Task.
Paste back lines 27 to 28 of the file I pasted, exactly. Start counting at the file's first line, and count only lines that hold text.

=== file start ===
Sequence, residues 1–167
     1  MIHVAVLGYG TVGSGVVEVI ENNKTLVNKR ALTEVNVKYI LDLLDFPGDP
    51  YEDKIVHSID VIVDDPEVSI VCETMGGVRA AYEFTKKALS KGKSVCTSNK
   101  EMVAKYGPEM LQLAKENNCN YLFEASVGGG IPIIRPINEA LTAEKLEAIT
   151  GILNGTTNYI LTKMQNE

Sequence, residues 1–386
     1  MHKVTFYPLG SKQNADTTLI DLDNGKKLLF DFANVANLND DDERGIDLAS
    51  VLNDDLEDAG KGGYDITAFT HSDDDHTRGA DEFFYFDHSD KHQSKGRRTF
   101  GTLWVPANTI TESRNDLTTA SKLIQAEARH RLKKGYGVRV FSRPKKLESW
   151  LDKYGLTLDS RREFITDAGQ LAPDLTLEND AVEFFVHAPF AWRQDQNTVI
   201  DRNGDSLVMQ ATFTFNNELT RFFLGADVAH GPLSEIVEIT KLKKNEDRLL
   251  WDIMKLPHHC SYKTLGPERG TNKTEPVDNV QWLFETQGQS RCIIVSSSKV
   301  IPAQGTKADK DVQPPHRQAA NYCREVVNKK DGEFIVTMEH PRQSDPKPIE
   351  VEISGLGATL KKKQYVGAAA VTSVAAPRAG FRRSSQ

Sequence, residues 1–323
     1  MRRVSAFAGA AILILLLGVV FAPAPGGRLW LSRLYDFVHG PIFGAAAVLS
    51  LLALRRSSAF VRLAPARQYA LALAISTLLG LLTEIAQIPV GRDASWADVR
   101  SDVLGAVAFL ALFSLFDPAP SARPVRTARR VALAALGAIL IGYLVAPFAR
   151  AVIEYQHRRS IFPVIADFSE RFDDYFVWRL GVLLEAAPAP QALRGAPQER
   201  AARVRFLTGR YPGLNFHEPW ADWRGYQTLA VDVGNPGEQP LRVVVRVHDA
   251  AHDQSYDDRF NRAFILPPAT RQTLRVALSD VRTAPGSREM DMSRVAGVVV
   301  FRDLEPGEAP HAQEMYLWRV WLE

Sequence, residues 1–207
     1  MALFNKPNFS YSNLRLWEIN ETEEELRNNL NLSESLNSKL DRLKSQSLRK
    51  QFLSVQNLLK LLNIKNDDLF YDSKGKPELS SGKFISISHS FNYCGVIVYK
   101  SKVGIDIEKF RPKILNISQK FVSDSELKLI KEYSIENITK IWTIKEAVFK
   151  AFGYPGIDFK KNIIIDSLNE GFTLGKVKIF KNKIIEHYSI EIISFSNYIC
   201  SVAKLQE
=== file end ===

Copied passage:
   151  AFGYPGIDFK KNIIIDSLNE GFTLGKVKIF KNKIIEHYSI EIISFSNYIC
   201  SVAKLQE